Newton’s first law tells us an object at rest stays at rest and an object in motion stays in motion with the same speed and in the same direction unless acted upon by an unbalanced force. This past Saturday, the Loons acted as the unbalanced force – altering their shape, direction and speed of play throughout the game to break down a ragged FC Cincinnati side through generating their own momentum.
“As a coach, all you are trying to do is give players confidence and keep believing in what they are doing,” said Head Coach Adrian Heath. “The one thing I do know is there’s nothing like winning games for everybody. For the group, [for] the mood in the dressing room and [for] the mood in the camp. It’s far easier to motivate people when you’re winning then it is when you’re losing games.”
Although the home side was made to wait 18 minutes for their first goal, when the first goal came from Ike Opara, the floodgates opened. Scoring three goals in a 20-minute spurt in the first half and three in a 17-minute period in the second half, Minnesota intuitively picked their way through the FC Cincinnati defense. Scoring two goals in the rout, defender Ike Opera mentioned the importance of an early Vito Mannone save that kept the game level and propelled the Loons into the latter stages of the first half.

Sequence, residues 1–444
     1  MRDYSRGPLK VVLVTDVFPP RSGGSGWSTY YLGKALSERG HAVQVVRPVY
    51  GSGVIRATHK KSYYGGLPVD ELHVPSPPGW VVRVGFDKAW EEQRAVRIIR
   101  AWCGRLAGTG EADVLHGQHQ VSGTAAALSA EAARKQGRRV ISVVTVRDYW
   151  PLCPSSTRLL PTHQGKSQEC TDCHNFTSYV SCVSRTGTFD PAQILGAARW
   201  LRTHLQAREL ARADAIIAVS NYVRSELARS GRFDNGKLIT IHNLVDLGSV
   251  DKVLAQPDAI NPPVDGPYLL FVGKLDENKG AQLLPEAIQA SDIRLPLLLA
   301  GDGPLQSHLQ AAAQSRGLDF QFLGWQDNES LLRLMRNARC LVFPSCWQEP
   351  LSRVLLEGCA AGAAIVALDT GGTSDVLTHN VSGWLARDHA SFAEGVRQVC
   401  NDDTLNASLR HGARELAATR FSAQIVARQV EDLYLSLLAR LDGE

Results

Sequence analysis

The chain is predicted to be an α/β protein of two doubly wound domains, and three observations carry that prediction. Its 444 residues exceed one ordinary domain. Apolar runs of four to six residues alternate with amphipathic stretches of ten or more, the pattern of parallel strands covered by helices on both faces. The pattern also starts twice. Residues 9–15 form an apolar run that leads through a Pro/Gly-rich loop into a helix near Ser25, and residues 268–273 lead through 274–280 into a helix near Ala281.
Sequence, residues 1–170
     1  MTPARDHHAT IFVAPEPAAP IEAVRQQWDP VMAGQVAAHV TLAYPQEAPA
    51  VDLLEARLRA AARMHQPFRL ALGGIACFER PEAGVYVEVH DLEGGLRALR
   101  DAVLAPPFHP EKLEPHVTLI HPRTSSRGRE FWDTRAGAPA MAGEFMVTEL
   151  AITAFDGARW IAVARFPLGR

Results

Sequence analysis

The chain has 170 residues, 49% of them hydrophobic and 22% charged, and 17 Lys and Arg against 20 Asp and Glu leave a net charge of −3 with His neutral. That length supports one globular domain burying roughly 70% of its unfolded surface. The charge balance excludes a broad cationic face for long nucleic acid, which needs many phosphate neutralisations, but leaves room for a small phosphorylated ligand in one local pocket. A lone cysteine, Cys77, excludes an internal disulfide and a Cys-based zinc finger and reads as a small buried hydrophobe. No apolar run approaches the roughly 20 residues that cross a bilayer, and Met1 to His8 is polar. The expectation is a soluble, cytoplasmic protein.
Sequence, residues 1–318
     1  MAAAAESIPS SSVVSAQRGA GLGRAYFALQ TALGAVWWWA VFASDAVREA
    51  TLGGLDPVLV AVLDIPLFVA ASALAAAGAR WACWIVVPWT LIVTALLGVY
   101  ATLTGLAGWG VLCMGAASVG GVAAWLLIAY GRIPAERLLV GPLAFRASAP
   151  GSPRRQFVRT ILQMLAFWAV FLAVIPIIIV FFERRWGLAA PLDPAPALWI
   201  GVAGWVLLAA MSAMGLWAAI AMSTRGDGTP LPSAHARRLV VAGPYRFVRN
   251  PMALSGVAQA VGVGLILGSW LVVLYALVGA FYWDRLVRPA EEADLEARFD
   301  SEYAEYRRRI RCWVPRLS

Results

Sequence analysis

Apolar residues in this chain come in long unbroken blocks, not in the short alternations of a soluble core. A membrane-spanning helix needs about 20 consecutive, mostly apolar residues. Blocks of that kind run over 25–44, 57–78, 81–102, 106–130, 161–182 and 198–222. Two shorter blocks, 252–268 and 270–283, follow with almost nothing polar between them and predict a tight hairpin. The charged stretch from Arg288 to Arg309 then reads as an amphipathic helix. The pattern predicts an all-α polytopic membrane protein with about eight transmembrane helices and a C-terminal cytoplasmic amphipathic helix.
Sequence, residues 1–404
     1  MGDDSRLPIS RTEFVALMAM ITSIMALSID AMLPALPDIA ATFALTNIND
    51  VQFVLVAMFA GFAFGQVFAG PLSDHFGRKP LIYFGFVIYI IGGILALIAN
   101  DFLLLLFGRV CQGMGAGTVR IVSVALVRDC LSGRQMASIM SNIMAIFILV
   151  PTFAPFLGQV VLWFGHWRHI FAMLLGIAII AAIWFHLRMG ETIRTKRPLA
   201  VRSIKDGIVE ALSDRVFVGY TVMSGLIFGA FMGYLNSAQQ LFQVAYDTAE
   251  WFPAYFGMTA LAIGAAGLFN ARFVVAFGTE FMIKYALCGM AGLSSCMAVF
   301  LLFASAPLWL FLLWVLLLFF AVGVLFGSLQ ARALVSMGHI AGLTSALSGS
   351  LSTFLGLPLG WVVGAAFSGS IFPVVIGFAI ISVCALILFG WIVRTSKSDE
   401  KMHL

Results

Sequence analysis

“I think that we had the momentum at home,” said Opara. “They actually could’ve gone up 1-0. Vito did a great job of keeping us at zeroes. I liked our chances if we were able to get one. I didn’t foresee seven but I thought that if we got one, one could be two, [two could be] three and it ended up being what it was today.”
While an average viewer would look at a final score of 7-1 as a textbook attacking display, the Loons poised offense was fundamentally rooted in their exceptional team shape. Oftentimes, the starting shape of a team can completely dictate their style of play. Some teams like to sit deep in their own halves and build play slowly, waiting for the perfect moment to spring forward and launch a lethal counter attack. Others like to get high up the field and press the opponent to try to win the ball early, leading to quick scoring chances. Defender Chase Gasper thought that Minnesota’s defense did an exceptional job holding their shape, which gave the attack plenty of impetus and momentum going forward.
“You hear the words ‘team shape’ a lot in film and although it sounds like a basic term, it makes a huge impact,” said Gasper. “I think guys were in the right spots defensively which led to generating more offense. I thought we pressed the ball well at times, sat back when we needed to, didn’t waste energy in that heat. I think when our team shape is exactly how we want it to be and we rehearse it and go over it, then that’s what generates our offense because we have a lot of speed up top, a lot of creativity.”